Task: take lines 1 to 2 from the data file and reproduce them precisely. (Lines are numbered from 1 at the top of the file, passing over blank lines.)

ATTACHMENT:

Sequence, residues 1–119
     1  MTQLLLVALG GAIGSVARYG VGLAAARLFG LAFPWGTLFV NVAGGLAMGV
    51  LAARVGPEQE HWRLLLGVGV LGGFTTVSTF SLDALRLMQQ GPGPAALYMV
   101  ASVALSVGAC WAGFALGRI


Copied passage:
Sequence, residues 1–119
     1  MTQLLLVALG GAIGSVARYG VGLAAARLFG LAFPWGTLFV NVAGGLAMGV